Conduent Healthy Communities Institute

American Community Survey

HCI sites include a number of national indicators at various geographic levels from the American Community Survey. The American Community Survey (ACS) is an ongoing survey that provides vital information on a yearly basis about the nation and its people. It is the premier source for detailed population and housing information, and therefore, provides very robust and relevant data relating to health and factors that affect health.

The American Community Survey data is split up into three sources: 5-year estimates, 1-year estimates, and supplemental estimates. HCI maintains indicators from all three of those sources. Below you can find explanations on the differences between the three types of estimates and releases, which indicators come from which ones, and why various indicators come from them. The overall ACS data release schedule can be found on the source site here.

ACS 5-Year Estimates:

  • Data estimates come from 60 months of collected data
  • Data is available for all areas: State, County, Census Place (City), Zip Code (ZCTA), and Census Tract
  • Largest sample size of the ACS estimates, and therefore, the most reliable data of the three
  • Good for analyzing very small populations, examining smaller geographies, and providing precision
  • Source releases new data annually, usually around the first or second week of December, with data for the five previous years time period (i.e. data released in December 2017 is for the 2012-2016 time period)
  • HCI works to get new data up on live client sites within 2-3 months of data release by source
  • HCI-maintained indicators generally default to 5-Year estimates, so that we can provide data to as many geographies as possible and can provide the most data possible at sub-county levels.

ACS 1-Year Estimates:

  • Data estimates come from 12 months of collected data
  • Data available for geographic areas with populations of 65,000 and over. This includes the state and county level (for larger counties) and even some census places/cities (for large census places/cities).
  • Smallest sample size of all ACS estimates, however, it is the most current data that ACS releases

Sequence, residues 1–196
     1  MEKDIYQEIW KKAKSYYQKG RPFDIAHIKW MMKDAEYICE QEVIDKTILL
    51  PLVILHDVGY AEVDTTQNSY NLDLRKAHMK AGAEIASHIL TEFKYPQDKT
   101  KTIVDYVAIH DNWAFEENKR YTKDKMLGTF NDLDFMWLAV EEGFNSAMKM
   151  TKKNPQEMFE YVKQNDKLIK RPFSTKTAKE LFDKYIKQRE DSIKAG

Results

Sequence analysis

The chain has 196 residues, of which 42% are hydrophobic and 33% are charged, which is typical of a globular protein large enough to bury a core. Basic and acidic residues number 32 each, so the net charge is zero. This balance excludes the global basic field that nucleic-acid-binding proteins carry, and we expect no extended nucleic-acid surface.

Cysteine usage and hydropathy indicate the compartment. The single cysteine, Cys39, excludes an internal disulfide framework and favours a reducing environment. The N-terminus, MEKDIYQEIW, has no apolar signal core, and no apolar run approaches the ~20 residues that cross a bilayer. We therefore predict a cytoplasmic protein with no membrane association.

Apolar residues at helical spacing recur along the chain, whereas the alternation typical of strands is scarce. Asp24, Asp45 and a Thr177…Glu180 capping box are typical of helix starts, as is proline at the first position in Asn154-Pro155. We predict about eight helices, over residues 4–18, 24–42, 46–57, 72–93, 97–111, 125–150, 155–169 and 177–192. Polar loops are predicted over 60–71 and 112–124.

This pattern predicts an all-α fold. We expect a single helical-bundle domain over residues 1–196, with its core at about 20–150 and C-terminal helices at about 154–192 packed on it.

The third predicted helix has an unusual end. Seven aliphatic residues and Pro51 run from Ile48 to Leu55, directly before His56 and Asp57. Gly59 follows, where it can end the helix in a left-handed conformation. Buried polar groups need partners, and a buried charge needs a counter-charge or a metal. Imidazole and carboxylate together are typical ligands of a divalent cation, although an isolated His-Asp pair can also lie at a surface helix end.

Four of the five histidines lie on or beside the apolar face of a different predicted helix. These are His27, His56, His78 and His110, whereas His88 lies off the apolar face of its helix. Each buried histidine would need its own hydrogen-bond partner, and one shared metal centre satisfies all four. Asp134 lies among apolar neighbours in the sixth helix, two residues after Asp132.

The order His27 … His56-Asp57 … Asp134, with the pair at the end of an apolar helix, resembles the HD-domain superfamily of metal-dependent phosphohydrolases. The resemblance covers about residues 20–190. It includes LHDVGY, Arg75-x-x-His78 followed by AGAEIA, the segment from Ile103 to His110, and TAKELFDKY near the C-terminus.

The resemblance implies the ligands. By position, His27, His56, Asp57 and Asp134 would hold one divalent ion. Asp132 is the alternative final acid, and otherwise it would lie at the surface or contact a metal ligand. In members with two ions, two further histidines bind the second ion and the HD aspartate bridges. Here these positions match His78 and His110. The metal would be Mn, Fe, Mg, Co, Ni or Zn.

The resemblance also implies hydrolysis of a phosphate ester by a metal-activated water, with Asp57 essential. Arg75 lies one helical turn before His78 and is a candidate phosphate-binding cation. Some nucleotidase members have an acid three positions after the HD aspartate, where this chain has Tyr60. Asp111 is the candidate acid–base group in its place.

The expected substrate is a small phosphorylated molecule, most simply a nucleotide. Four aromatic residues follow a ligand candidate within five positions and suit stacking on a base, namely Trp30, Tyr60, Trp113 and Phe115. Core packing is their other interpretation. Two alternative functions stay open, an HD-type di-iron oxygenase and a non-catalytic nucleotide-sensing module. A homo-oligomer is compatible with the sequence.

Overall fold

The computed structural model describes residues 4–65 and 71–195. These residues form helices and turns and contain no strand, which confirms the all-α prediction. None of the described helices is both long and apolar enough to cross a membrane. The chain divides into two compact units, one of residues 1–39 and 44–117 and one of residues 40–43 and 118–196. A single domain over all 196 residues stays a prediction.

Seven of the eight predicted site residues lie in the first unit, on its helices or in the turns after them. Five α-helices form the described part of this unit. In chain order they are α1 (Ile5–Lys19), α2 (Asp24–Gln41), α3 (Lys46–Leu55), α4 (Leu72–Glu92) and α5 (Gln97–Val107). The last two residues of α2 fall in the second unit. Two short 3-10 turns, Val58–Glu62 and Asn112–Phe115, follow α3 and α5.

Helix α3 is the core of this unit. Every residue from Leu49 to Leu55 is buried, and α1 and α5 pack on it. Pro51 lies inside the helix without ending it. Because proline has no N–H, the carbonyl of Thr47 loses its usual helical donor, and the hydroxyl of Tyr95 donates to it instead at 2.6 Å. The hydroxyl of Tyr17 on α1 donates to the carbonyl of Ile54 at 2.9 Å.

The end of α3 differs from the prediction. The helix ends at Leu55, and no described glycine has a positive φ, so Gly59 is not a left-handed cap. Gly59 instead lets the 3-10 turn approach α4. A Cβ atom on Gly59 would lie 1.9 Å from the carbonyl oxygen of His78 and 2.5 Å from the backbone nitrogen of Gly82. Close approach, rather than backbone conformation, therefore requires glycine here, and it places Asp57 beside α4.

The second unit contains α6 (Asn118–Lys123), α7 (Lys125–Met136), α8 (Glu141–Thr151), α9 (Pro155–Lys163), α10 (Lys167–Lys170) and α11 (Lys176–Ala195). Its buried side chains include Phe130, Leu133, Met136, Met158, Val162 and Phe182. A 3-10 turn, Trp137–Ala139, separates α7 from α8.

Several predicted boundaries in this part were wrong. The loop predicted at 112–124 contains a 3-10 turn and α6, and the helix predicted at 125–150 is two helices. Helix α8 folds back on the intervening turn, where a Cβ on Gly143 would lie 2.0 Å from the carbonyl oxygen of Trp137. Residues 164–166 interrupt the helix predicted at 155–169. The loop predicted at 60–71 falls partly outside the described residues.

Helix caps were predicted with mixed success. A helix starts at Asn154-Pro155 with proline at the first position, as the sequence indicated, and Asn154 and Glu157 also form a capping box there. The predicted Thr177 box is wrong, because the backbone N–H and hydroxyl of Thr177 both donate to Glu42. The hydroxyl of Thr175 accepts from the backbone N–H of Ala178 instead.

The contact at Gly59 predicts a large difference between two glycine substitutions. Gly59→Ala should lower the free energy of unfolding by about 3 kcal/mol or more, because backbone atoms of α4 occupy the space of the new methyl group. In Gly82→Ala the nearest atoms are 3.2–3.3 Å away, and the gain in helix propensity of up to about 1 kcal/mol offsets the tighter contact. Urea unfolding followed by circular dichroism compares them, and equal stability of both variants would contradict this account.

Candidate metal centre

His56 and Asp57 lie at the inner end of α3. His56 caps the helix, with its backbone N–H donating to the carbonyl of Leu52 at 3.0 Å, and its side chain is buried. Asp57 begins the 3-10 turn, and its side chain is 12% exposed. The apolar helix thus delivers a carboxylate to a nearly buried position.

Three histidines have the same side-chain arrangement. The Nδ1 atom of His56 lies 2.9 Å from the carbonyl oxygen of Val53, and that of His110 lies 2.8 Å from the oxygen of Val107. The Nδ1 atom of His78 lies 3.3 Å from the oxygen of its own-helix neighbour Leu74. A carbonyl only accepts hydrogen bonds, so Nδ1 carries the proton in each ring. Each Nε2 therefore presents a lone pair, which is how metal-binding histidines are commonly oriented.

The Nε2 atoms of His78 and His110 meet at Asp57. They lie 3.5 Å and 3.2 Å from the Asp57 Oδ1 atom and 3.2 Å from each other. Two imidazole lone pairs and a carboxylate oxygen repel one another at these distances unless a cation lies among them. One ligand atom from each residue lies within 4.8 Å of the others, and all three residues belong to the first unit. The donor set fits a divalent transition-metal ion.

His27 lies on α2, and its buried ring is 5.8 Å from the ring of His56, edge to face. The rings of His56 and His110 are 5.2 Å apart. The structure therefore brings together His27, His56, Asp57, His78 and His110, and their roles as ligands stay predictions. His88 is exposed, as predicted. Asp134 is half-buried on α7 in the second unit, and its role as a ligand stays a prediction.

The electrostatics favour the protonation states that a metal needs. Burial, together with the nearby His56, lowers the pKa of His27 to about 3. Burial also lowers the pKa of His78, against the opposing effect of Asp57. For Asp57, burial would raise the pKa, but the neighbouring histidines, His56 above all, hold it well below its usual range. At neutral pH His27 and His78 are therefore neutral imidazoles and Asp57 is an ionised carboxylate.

• Good for providing most up-to-date data and for analyzing larger population geographies, particularly counties
  • Source releases new data annually, usually around the middle of September, with data from the prior year (i.e. data released in September 2017 is for the 2016 time period)
  • HCI works to get new data up on live client sites within 2-3 months of data release by source
  • HCI-maintained indicators that use the 1-Year estimates are those that we believe benefit the most from having as up-to-date data as possible, and those where seeing trends and changes over single year time periods are most crucial for analysis. These include all health insurance indicators due to the fact that the ever-changing health insurance climate means that there are often big swings in health insurance data estimates from year to year. Additionally, it includes population measurements and figures, such as Total Population, which are best studied by annual changes. Further, disability and difficulty indicators are maintained by HCI using the 1-Year estimates due to the fact that 5-Year estimates did not begin being released by ACS until the 2012 data release. HCI began collecting and displaying the 1-Year data in 2008. Please contact your account manager if you are interested in having disability and difficulty data displayed on your site in 5-Year time periods instead, for all geographies available.

ACS 1-Year Supplemental Estimates:

  • The same factors and attributes as ACS 1-Year estimates, but for geographies with populations of 20,000 or more.
  • Generally released about 1 month after the regular ACS 1-Year estimates (around mid-October of every year); updated data on HCI client sites 2-3 months after that.
  • HCI-maintained indicators that use ACS 1-Year Supplemental estimates are: Adults 65+ with a Disability, Adults with Disability, Children with a Disability, and Persons with a Disability
  • HCI provides data for these indicators from the supplemental estimates to ensure that as many geographies as possible are able to have disability data displayed for them, as a supplement to the disability indicators collected from regular 1-Year estimates.
  • Note: These estimates are not comparable to regular ACS 1-Year estimates

For more information on annual data updates as they are completed, please see the Indicator Update History section of the Help Center for any articles about ACS sources.

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